An immortal god’s biggest weakness is their immortality, from which boredom is born. From that boredom heroes are born, literally. Many gods from many pantheons passed time with mortals, time that resulted in the creation of a demigod. Achilles was the son of a seas nymph, Aeneas the son of Venus, Arjuna the son of the god Indra, and even poor Oedipus could trace his lineage back to Poseidon. This is important. Gods are even greater than heroes, in power, virtues, and especially in the Greek pantheon, flaws. Unlike their mortal offspring, gods never had to worry about the consequences their flaws wroug...
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...rgy. It took a friendship even greater than that of Achilles and Patroclus to settle him down. Somewhat. Enkidu was a being who had to himself learn the ways of man, so he was uniquely fitted to teach this to Gilgamesh. The loss of this friend nearly broke Gilgamesh, and he spiraled into that familiar heroic self-pity. His fear of death, and his fear of a world without him, born of an arrogance shared with Achilles, was what shook him out of mourning and into his last quest with a determination that he shares with Arjuna.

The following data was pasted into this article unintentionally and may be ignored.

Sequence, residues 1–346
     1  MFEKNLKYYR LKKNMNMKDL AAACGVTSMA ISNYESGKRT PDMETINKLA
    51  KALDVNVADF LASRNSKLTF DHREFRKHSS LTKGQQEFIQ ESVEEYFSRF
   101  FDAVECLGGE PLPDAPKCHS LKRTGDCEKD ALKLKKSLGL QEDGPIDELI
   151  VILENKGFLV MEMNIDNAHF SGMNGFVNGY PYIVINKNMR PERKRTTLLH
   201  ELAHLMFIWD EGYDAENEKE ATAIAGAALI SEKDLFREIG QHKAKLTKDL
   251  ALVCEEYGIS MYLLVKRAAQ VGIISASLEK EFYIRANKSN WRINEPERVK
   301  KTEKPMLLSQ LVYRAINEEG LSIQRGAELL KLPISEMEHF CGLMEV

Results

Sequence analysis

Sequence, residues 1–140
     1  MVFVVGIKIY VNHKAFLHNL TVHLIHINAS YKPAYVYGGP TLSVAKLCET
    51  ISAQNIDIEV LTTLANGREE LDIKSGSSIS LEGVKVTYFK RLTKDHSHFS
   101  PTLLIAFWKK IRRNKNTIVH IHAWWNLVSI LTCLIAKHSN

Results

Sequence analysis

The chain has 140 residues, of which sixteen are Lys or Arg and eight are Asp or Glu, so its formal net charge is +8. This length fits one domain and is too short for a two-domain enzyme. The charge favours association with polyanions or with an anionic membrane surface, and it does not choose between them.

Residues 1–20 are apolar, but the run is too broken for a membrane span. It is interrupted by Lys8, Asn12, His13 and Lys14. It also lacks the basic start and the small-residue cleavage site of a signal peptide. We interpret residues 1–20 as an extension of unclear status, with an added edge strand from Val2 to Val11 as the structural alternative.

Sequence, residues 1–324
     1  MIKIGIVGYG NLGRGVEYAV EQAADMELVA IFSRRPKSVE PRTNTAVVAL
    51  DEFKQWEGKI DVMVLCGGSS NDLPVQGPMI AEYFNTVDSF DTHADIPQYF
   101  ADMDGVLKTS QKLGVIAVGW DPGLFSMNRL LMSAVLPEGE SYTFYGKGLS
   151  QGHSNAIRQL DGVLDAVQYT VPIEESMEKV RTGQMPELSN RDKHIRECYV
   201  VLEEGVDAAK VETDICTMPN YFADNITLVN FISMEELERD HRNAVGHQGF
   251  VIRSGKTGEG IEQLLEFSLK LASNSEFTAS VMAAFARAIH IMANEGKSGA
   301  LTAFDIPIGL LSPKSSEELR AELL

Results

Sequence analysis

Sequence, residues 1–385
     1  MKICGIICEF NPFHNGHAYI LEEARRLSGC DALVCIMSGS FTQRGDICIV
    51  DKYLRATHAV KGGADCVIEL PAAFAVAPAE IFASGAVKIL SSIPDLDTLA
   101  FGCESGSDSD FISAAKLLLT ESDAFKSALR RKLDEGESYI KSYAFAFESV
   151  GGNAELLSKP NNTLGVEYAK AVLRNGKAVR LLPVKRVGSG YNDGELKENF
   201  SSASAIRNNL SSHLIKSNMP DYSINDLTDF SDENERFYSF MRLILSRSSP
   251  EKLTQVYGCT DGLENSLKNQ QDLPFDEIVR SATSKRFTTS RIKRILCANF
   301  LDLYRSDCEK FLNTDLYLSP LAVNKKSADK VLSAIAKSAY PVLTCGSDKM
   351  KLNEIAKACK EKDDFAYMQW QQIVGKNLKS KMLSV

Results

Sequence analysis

Three different heroes, from three different cultures, from three different eras, and yet they are so similar. Humanity, as well as divinity, is the common denominator. Humanity will always need heroes, and our heroes will always stand the test of time. The reason is simple, heroes reflect humanity 's greatest aspirations, and its greatest fears.
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